Sir Tim Berners-Lee, the inventor of the World Wide Web, has warned that the Web is still facing threats, not the least of which comes from dominant tech players who are stifling innovation. And he urged people to close the digital divide by supporting affordable online access in poorer countries, so that we do not deepen existing inequalities going forward.
However, there are still many people without Internet access, and that is causing a divide between those that do have Internet, Berners-Lee explained. Because "a handful of platforms...control which ideas and opinions are seen and shared", he says, they're ripe for co-opting. In his post, he said a "legal or regulatory framework" may be needed to improve accountability, manage social objectives and ease the tensions associated with the modern web. He also said that without investment the last billion people who have yet to access the internet will not be online until 2042 (Alliance for Affordable Internet). "That's an entire generation left behind", he wrote.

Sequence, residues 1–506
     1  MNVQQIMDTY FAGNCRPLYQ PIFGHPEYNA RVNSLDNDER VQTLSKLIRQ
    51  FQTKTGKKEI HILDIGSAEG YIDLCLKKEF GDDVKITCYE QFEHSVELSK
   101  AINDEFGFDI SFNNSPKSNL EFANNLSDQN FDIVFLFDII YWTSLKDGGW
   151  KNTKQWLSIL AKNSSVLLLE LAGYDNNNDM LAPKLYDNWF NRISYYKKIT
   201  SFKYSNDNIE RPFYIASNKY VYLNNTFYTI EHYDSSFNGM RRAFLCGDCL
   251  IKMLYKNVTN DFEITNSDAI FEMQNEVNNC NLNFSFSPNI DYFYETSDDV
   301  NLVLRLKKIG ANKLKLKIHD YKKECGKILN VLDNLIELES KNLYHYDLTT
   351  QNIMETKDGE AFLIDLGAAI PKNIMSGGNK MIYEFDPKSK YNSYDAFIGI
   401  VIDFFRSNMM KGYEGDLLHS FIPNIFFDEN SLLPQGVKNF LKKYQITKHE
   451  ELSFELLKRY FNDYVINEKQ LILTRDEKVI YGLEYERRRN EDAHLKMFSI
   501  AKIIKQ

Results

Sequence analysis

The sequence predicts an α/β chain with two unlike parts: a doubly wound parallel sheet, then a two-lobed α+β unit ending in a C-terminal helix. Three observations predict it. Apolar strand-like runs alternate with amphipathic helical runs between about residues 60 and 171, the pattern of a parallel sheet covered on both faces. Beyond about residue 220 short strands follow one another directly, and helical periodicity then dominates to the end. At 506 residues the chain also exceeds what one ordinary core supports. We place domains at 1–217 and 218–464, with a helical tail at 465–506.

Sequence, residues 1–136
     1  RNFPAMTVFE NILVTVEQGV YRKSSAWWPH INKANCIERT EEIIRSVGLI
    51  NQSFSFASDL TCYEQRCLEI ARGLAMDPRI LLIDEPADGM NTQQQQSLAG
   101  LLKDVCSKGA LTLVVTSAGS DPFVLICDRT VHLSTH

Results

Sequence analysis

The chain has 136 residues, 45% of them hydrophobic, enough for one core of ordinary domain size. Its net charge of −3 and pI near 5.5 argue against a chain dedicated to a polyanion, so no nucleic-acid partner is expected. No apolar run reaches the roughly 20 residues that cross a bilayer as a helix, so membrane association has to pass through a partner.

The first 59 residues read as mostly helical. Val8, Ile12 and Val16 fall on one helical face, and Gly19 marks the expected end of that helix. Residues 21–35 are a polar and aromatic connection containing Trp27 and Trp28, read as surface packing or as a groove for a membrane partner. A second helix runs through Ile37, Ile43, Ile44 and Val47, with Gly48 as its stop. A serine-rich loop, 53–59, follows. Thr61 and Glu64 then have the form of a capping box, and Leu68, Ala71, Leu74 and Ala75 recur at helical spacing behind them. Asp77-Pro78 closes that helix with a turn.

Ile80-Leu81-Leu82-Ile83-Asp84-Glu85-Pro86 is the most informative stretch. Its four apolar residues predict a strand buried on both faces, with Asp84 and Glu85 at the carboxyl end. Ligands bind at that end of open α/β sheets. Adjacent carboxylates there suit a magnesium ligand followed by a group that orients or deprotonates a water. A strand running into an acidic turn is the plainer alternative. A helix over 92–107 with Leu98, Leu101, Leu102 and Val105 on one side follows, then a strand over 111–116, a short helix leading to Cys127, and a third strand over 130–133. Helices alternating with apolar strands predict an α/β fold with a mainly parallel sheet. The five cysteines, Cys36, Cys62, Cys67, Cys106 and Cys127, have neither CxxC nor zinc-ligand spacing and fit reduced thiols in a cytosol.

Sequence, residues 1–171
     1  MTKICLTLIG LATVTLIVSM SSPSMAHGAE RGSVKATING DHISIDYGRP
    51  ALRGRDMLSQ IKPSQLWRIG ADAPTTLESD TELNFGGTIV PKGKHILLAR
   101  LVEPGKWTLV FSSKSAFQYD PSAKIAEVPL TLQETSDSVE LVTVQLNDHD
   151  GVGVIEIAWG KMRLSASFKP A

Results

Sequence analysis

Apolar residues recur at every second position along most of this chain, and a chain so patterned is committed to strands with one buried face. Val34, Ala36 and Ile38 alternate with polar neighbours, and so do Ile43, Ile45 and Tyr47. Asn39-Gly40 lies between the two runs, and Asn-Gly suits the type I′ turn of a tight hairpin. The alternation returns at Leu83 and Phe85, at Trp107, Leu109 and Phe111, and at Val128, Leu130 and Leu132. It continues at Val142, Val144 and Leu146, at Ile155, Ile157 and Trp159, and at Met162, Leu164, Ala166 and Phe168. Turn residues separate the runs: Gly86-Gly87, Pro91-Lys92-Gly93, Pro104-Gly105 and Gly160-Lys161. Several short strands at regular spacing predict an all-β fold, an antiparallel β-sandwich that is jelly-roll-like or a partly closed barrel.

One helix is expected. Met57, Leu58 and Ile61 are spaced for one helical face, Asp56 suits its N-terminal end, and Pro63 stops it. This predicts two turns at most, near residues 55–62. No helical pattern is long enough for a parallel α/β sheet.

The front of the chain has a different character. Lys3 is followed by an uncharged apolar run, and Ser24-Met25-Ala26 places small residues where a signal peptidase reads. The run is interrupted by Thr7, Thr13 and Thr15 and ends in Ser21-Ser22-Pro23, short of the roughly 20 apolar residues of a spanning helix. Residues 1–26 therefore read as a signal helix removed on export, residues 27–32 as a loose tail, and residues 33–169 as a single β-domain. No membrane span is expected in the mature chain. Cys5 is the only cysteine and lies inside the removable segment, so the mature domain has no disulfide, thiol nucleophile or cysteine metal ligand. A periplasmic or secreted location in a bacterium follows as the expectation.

"In 2016, the United Nations declared internet access a human right, on par with clean water, electricity, shelter and food", said the 62-year-old British computer scientist.
World Wide Web founder highlights the myriad problems with our online world..
The threats to the Web today are real and many, including those that I described in my last letter - from misinformation and questionable political advertising to a loss of control over our personal data. However, in many places, getting online is prohibitively expensive - the cost of 1GB of mobile broadband in Malawi is more than 20 per cent of the average monthly income.
"These dominant platforms are able to lock in their position by creating barriers for competitors", he continues.
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"The fact that power is concentrated among so few companies has made it possible to weaponise the web at scale", he writes.
He said the current situation means that these gatekeepers "which have been built to maximise profit more than to maximise social good" are often the only ones making decisions to regulate the online world. Even though he has been talking about the problems with the web for many years, now he seems to be saying things are at their worst as he referred to the "setbacks of the last two years".
Aligning the incentives of the technology sector with those of users and society at large, he argued, will require consulting a diverse group of people from business, government, civil society, academia and the arts.
But Berners-Lee believes that the companies which have become the web's gatekeepers can not be relied on to fix the problem, thanks to loyalty to their shareholders rather than society at large.